How to File for Chapter 7 Bankruptcy – What the Courts Consider
To know how to file for Chapter 7 bankruptcy, you will need to hire a bankruptcy attorney as there will be a considerable amount of paperwork involved. In addition, an attorney will explain to you exactly what Chapter 7 bankruptcy means so that you do not go into the filing process blindly.
In some cases, the court might decide that you are still capable of paying your debts. For example, in 2013, rapper DMX’s bankruptcy case was thrown out by the court after it was contested by the bankruptcy trustee watchdog. To avoid this happening to you, you need to ensure that you are indeed unable to pay your creditors according to the court’s criteria.
The court may ask you to take a test to determine whether you are in a position to repay some of your debts if you have what is deemed sufficient disposable income. If you pass this test, the court will permit you to file for Chapter 7 bankruptcy. The court then determines your current financial status and ability to clear some of your debts by subtracting some allowed expenses as well as the set debt payments to clear a certain percentage of your unsecured debts within a given period, say five years.
Once you know how to file for bankruptcy Chapter 7, use an online calculator to figure out whether or not you are eligible for a Chapter 7 filing.
Can anyone file for Chapter 7 Bankruptcy?
You can get information for how to file Chapter 7 bankruptcy from many sources, but a particularly helpful source is attorney blogs online where you will find everything explained in easy to read language.
There are several aspects of the law that need to be considered, including:
- Your income must not surpass a certain amount. How much do you make? How does it compare to that of similar families in your state?
- You must take a test to determine if your income surpasses the set amount. Ten years ago, if the judge didn’t like you, he would just throw your case out. Thankfully, now there are rules and guidelines for bankruptcy eligibility.
- You must not have filed for bankruptcy in the past six years – this needs no explanation. If you find yourself in a financial quagmire less than six years after you last filed for bankruptcy, you will not be eligible.
- You must convince the court that you are not scamming or defrauding your creditors. You must give genuine reasons for why you have been unable to pay your creditors.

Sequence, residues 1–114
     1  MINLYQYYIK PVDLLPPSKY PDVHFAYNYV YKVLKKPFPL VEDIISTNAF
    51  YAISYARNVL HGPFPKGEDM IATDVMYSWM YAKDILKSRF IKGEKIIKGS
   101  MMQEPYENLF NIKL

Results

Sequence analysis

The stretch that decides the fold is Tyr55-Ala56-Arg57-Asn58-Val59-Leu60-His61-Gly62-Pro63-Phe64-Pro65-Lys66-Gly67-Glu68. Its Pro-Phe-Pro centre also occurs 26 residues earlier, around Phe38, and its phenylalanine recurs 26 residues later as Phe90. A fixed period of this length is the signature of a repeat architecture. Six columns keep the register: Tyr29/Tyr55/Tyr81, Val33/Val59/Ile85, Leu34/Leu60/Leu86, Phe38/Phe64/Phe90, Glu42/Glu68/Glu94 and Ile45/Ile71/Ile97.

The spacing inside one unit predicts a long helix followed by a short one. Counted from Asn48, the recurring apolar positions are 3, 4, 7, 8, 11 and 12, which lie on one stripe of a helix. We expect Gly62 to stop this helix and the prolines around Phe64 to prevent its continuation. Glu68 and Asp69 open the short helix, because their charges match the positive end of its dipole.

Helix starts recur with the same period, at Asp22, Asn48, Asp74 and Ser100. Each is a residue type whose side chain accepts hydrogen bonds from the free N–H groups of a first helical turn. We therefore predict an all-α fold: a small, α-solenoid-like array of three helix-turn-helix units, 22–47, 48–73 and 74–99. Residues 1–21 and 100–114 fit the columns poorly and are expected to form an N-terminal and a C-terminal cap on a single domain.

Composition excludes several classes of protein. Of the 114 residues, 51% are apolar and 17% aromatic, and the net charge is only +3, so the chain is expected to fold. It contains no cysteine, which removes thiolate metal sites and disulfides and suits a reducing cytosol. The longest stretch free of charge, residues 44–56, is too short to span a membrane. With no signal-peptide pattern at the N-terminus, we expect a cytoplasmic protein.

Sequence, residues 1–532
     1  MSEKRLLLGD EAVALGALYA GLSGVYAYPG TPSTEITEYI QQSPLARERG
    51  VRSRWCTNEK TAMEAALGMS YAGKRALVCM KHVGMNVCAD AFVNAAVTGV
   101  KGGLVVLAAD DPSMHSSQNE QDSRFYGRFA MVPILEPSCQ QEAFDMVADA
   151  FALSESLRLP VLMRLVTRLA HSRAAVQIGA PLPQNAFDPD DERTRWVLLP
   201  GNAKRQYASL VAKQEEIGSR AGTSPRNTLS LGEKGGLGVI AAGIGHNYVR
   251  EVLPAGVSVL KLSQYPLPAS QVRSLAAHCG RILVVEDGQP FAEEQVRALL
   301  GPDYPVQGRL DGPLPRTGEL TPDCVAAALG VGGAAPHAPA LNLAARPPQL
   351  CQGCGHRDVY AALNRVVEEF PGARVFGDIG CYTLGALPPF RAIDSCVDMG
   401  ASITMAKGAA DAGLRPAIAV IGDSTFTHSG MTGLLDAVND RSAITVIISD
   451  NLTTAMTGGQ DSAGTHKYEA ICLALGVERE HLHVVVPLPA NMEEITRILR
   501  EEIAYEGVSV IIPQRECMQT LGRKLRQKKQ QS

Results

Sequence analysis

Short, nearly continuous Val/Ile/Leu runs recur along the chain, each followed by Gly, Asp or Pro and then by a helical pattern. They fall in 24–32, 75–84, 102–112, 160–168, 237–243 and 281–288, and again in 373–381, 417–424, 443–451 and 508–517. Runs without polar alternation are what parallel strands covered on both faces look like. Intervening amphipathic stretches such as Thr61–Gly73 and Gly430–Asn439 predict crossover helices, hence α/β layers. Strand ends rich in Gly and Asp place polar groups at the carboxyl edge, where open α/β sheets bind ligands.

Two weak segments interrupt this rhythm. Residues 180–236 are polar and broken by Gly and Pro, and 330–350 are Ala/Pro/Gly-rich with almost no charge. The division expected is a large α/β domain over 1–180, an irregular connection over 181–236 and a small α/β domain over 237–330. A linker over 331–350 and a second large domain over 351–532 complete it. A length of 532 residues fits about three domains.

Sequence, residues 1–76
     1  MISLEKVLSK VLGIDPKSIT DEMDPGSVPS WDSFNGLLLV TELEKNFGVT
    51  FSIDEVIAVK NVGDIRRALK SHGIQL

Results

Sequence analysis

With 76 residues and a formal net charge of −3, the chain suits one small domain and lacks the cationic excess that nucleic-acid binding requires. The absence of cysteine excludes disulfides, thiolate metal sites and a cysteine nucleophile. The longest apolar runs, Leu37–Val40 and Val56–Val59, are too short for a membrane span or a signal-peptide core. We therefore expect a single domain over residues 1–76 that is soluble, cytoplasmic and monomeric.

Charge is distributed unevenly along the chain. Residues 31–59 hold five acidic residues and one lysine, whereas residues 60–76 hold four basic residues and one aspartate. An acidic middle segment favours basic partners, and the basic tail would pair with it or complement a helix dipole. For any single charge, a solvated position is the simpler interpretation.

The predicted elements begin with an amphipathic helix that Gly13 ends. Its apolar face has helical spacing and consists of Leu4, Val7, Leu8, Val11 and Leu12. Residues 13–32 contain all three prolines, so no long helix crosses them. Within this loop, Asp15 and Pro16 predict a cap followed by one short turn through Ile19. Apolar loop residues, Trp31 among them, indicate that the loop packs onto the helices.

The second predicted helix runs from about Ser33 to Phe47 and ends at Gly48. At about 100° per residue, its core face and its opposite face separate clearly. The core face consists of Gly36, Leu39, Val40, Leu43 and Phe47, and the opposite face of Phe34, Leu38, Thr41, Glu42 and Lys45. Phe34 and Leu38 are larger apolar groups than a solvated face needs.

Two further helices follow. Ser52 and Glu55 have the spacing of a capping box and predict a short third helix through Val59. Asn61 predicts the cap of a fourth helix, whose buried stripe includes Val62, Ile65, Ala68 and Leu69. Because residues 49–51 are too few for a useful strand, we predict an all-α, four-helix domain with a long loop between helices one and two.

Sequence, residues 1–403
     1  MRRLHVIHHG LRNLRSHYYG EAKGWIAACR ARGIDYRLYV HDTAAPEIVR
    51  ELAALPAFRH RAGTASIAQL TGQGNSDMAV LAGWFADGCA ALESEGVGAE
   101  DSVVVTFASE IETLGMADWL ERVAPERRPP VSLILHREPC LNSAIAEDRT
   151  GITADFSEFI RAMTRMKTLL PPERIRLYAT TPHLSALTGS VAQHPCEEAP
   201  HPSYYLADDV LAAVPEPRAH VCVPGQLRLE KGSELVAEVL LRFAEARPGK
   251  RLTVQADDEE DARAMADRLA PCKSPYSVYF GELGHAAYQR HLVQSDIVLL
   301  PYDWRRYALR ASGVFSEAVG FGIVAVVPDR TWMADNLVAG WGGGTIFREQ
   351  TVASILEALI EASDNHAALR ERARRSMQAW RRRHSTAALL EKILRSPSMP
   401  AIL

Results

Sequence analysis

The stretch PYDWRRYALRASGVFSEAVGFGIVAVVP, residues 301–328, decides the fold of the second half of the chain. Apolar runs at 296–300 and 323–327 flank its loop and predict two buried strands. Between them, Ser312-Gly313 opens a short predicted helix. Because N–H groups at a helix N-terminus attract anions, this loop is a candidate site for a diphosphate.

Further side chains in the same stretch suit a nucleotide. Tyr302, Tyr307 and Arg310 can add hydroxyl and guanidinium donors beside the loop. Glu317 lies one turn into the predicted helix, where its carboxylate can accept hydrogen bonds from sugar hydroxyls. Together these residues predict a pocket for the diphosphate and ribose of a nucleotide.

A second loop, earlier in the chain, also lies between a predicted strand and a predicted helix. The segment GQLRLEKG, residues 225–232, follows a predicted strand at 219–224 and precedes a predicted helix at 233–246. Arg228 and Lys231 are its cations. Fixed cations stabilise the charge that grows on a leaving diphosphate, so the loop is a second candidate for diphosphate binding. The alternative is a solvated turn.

- If your application for either a Chapter 7 or Chapter 13 bankruptcy was dismissed by the courts in the past 180 days for any given reasons, your case will not be considered.
Why you Must Show your Income when Filing
In 2005, if a court initially decided a debtor was in a position to finance Chapter 13 debts, they were automatically dismissed. Debtors could easily be barred from filing a Chapter 7 bankruptcy case for meager reasons. Filing for bankruptcy meant that you had to prove to the judge that you are indeed income challenged and that you are not in a position to finance your debts.
If the court felt or proved that an applicant was trying to defraud the creditor, that applicant was automatically deemed unqualified for bankruptcy filing. In some instances, the judge’s attitude was enough to have your case dismissed, as there were no hard or defined rules as far as filing was concerned.
Today, knowing how to file a Chapter 7 bankruptcy is not as complicated as it was in the recent past. The courts have provided comprehensive criteria for those wish to file for a Chapter 7 bankruptcy. Those that have been affected by a sudden termination of employment or a sunken business are usually given the first priority. In some instances, the court will direct a debtor to file for Chapter 13 bankruptcy.
How your Income is Calculated by the Court
The minute you declare your interest in filing for a Chapter 13 bankruptcy, the courts will want to determine your current income and your overall financial situation. This can be calculated by comparing your current monthly income to the general income of other similar families in your state.